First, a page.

Even though there are options for about any individual payment, banking, and cash management requirement, few span more than one segment of the industry. This is an increasingly painful point for businesses as they strive to present competitive offers to their customers while dealing with high infrastructure costs themselves. Consumer-facing businesses and B2B-providers of the payments value chain are inconvenienced by the absence of comprehensive connectivity, mismatched payment and banking technology, confusing international acquiring options, cumbersome reconciliation and billing, and inflexible customer as well as account management systems. The consequences are slow, expensive payments processes with separate, hard-to-reconcile banking and payment information flows. Even banks and Financial Institutions are affected by these issues. They mainly experience trouble in updating their legacy infrastructure and bringing it up to the speed of international corporate customers and consumers.
ONPEX recently showcased a range of solutions for these issues at sibos in Geneva. Being newcomers to “the world’s premier financial services event” that is organised by SWIFT in a different country every year, we were excited to meet the most important businesses of the banking sector, to take part in the extensive conference, and to discuss how our overlay transaction banking solutions can advance finance giants’ strategies.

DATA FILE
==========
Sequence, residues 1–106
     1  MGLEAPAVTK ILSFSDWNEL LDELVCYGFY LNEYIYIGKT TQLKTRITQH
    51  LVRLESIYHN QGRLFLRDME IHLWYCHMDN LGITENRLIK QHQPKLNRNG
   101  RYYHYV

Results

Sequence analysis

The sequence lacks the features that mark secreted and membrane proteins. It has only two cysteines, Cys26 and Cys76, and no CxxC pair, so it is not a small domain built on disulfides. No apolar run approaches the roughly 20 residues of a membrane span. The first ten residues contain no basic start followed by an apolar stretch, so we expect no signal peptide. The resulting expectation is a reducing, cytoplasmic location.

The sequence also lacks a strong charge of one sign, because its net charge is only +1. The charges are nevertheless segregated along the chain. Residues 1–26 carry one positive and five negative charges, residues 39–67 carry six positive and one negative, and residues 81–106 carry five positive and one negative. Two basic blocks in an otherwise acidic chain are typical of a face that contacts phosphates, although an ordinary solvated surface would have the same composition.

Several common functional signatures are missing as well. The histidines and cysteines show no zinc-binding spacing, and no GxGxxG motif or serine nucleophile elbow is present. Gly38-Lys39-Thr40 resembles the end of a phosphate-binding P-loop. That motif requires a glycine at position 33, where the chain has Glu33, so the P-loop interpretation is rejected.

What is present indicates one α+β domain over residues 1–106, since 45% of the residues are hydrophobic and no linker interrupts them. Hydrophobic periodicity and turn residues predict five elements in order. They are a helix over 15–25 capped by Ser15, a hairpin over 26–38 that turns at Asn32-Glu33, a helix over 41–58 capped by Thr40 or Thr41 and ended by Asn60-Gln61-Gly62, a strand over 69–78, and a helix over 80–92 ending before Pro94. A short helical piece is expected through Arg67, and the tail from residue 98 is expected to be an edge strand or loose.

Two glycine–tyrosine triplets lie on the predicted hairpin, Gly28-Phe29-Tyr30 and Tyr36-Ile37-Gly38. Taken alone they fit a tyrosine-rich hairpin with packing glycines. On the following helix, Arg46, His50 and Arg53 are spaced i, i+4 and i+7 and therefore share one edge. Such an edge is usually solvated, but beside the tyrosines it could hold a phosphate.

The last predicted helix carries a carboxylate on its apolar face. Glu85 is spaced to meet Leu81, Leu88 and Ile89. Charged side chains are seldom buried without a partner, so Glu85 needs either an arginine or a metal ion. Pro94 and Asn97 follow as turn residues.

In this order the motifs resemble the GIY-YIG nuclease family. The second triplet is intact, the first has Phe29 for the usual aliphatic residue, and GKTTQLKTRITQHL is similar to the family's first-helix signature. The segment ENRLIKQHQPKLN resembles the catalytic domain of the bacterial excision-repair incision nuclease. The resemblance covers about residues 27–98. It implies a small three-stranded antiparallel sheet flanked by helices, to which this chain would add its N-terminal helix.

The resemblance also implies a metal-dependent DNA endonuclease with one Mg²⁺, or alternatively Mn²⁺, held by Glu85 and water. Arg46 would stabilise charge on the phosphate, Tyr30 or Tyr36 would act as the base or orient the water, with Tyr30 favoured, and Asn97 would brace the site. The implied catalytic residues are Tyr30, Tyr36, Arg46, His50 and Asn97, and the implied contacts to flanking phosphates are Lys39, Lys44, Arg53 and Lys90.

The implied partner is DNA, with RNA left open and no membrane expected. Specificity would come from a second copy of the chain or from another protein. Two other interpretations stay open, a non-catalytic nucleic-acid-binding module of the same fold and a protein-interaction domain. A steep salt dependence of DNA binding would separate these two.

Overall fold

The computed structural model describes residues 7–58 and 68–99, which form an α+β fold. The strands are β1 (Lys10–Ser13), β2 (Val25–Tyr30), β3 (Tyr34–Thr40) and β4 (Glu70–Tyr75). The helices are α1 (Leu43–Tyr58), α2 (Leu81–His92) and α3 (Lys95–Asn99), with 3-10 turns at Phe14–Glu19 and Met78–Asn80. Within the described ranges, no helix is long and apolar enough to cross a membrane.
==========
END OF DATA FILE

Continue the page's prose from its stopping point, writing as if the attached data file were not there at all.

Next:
As ONPEX is a Financial Institution and institutional SWIFT member, our PSD2- and PCI DSS-compliant solutions can be seamlessly integrated into banking infrastructures. Thanks to ISO 8583, ISO 20022 connectivity, and multi-network support, the white-label SaaS seamlessly connects the worlds of banking and payments. But it does not stop there: ONPEX modular technology allows creating customized solutions for any payment requirement and helps businesses streamline their cash management. The unique white-label solutions enables users to run all payment tasks from a single hub and is customizable for the special requirements of each payments and banking industry segment. The modules cover the entire payments value chain and eliminate the need for multiple tools and interfaces.
This is why we are headed next to Money 20/20 in Las Vegas, where we will present our payment technology and Financial services for PSPs, Acquirers, Processors, Marketplaces, and Financial Institutions from October 23-26 at booth #2630.